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Tributes - The Honourable Yoine Goldstein

Hon. Serge Joyal: Honourable senators, it is a privilege to draw your attention to Senator Goldstein's contribution to the Senate of Canada, as his work in this chamber draws to a close. The length of Senator Goldstein's term here was rather short, just under four years. However, his contribution to our work has been significant and was appreciated immediately, from the moment he was appointed. Indeed, the Senate and its legislative approach have benefited greatly from Senator Goldstein's unique academic expertise.



One should remember that after having completed his PhD in law at the Université de Lyon in France in 1960, he taught for more than 25 years at the University of Montreal. An expert in the law of bankruptcy, he has published extensively on related issues and is widely recognized by the legal and judicial community as an authority. He is quoted regularly in arbitration and court decisions.

Honourable senators, we in the Senate should appreciate the special professional background of Senator Goldstein and the backgrounds of other colleagues on both sides of this chamber, and recognize that their expertise is essential to our duty in reviewing the legislation adopted by the other place.


According to a study published recently by the Public Policy Forum, the newest members of the 40th Parliament elected on October 14, 2008, are less educated and less experienced than their predecessors in the 39th.


Moreover, according to that study, the House of Commons has few members experienced in public administration. This fact certainly has an impact on their capacity to do legislative work. The scholarly background of Senator Goldstein has brought solid credentials to the study of banking and financial legislation, in keeping with the fine tradition and practices of the Senate. Indeed, Senator Goldstein's talents were always at par, or even better, than those of the expert witnesses of the Department of Finance or those of the business community.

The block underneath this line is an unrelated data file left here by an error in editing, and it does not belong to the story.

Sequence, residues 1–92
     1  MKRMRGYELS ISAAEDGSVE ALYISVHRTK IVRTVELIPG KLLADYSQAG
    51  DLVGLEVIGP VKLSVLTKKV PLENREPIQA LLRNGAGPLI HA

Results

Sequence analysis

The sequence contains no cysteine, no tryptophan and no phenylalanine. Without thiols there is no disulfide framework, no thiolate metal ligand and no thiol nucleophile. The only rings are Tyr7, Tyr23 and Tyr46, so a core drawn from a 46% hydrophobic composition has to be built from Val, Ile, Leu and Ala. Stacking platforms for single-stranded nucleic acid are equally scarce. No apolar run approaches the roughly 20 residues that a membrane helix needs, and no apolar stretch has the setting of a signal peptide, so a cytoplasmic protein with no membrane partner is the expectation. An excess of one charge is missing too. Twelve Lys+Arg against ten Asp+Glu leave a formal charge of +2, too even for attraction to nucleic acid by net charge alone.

I cannot over-emphasize the fact that our Senate committees' reputation for credibility is due in large part to the professional experience of colleagues like Senator Goldstein.


Such colleagues sit on both sides of the chamber.


That is what fundamentally distinguishes this chamber from the other.

As we consider changes to the Senate appointment system, we should make it a point to maintain the elements that bring value to this chamber, elements that are critical to the Senate's credibility as a law-making institution, elements such as a high degree of professional qualification, which the system of elected representatives does not necessarily guarantee.

Let us hope that Senator Goldstein continues to take an interest in the work of Senate committees and contribute his academic and practical expertise to help us fulfill our constitutional duty to the best of our ability.

Senator Goldstein, we would be only too grateful.